3. Don’t do anything that will put them off joining and sticking around

The SBC barely skates by on the first point, for the people who are warming their pews now. But Gen Z won’t be fooled by all this “relational” bullshit, and they definitely won’t consider dysfunctional authoritarian groups to be something they want to join.

Moving along to the 2nd point, SBC recruiters like to think that their price is counting the costs and following Jesus, but in reality it’s accepting a very dysfunctional authoritarian group’s control over one’s life, along with buying in to a whole variety of regressive social and political stances that Gen Z won’t accept.

As for the third, SBC leaders have proven themselves very unwilling to accept full and real accountability for their behavior, which makes abuse of all kinds way more likely for followers. They’re having a lot of trouble dealing with their entrenched racism and sexism. And they’re still barely standing at the first step of dealing with their sex abuse crisis, which is just acknowledging the full extent of the abuse itself. That’s not even considering their political overreach. Young adults tend to be pretty liberal. The SBC has wedded itself to the very worst of ultraconservative politics. There’s very little about the SBC that doesn’t turn off young adults.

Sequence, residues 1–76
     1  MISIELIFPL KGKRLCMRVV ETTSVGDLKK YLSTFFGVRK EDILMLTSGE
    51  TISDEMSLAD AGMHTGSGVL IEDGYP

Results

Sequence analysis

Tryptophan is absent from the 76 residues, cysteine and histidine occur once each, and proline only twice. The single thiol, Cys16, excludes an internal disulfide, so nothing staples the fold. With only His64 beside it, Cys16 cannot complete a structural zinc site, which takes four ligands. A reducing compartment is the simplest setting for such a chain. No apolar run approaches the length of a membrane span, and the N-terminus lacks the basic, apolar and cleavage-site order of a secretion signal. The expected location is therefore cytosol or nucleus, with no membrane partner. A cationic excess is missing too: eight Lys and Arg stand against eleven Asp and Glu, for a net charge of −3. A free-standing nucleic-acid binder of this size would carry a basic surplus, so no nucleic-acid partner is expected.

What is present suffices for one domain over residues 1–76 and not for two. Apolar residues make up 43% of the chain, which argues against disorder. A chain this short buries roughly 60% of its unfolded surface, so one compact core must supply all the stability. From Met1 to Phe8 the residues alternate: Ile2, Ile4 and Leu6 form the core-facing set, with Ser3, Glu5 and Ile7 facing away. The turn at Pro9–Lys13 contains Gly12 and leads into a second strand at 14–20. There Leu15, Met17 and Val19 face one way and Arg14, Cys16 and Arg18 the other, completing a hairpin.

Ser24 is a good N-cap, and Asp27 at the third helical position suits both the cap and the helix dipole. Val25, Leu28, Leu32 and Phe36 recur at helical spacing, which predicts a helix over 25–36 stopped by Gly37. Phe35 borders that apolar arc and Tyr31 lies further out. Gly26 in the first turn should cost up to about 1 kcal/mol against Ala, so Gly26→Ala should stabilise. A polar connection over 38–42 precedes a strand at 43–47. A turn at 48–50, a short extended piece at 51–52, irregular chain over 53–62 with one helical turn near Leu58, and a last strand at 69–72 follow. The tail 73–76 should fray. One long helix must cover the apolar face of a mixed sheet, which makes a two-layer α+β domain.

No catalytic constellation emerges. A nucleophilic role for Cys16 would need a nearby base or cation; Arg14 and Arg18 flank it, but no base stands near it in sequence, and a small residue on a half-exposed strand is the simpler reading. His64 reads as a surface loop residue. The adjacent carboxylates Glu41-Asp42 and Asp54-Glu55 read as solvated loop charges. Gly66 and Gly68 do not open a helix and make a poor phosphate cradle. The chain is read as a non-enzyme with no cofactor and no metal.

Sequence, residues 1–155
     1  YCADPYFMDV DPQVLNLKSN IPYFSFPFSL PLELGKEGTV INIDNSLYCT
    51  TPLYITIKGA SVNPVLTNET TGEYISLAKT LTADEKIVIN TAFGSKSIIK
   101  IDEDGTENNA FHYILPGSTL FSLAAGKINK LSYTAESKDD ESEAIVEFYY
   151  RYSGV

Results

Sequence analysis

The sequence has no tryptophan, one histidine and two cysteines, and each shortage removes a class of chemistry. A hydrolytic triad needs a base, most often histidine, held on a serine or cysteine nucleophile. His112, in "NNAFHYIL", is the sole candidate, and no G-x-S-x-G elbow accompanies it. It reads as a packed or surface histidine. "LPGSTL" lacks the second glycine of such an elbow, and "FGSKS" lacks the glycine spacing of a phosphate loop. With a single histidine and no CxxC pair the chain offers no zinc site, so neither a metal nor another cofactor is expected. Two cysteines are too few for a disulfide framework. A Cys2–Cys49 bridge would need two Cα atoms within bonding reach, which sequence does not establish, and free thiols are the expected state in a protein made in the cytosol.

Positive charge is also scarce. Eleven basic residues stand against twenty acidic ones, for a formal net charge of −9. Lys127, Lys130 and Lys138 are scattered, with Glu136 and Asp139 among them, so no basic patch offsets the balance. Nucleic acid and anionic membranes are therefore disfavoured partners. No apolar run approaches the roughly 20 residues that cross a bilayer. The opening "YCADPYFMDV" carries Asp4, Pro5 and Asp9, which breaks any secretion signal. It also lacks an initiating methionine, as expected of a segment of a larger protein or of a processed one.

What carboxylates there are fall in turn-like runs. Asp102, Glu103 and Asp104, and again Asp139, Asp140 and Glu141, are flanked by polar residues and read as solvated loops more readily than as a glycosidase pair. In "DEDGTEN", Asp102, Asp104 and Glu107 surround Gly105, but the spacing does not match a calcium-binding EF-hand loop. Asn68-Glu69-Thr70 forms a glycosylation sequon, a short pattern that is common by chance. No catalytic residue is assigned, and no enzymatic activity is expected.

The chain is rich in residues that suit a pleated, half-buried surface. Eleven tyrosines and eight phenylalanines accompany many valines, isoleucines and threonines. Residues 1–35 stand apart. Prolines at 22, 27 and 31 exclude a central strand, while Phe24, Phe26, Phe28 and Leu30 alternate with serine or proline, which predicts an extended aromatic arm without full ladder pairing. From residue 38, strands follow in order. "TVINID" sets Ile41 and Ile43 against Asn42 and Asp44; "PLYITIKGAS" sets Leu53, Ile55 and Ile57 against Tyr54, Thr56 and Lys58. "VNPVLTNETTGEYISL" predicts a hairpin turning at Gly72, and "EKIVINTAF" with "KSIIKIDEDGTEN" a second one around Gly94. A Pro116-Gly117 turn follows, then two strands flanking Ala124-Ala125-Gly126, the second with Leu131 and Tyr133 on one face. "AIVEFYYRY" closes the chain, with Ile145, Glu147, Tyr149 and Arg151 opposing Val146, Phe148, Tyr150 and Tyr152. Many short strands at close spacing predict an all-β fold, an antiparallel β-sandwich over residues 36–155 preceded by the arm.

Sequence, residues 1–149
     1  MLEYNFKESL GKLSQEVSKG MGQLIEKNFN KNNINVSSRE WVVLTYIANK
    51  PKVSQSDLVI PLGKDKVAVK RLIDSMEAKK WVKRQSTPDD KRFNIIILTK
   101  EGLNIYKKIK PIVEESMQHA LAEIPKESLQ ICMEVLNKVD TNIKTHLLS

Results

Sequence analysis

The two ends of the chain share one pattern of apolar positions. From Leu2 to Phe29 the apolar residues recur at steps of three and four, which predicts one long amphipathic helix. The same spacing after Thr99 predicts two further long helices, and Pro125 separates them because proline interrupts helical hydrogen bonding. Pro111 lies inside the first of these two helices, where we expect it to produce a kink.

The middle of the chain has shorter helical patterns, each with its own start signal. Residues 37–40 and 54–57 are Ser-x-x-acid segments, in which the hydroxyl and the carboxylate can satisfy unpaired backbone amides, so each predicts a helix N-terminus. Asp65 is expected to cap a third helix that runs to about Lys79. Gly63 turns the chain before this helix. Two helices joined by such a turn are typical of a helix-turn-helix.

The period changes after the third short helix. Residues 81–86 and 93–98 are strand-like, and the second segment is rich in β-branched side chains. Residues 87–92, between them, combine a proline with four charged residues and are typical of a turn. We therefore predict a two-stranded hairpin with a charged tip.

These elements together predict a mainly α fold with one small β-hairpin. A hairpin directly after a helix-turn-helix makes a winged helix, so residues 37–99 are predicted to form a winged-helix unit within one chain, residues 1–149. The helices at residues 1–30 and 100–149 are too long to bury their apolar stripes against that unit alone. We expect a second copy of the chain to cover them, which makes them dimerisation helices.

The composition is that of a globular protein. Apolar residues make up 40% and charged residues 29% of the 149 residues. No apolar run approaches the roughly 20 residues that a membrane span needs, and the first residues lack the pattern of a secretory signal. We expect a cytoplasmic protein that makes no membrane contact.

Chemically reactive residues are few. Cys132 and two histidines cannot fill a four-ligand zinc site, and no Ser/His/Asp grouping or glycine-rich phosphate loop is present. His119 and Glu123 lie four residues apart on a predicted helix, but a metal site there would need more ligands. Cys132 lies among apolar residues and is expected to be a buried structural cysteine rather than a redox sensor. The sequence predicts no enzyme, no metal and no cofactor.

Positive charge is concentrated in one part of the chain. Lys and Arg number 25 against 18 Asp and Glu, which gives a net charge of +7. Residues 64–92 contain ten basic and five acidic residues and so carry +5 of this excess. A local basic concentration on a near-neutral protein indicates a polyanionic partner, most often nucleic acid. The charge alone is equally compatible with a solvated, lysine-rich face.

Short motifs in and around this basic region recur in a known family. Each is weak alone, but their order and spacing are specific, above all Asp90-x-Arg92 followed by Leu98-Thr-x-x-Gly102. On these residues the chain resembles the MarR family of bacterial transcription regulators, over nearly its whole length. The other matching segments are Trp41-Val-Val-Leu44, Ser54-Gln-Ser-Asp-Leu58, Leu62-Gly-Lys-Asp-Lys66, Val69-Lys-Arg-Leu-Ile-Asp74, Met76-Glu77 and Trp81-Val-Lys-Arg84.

Before the SBC throws itself into recruiting, they’d do well to fix their dealbreakers. But nobody warming the pews or leading the pew-warmers likes hearing that.

So this Next Gen thing represents good news for us, really! It means the SBC still has no clue how to fix their decline. They’re wasting money on stuff that is guaranteed not to work. Gen Z will be safe from their sales pitches.

I needed some good news today. I hope you did too!

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Captain Cassidy

Captain Cassidy is a Gen-X ex-Christian and writer. She writes about how people engage with science, religion, art, and each other. She lives in Idaho with her husband, Mr. Captain, and their squawky orange tabby cat, Princess Bother Pretty Toes. And at any given time, she is running out of bookcase space.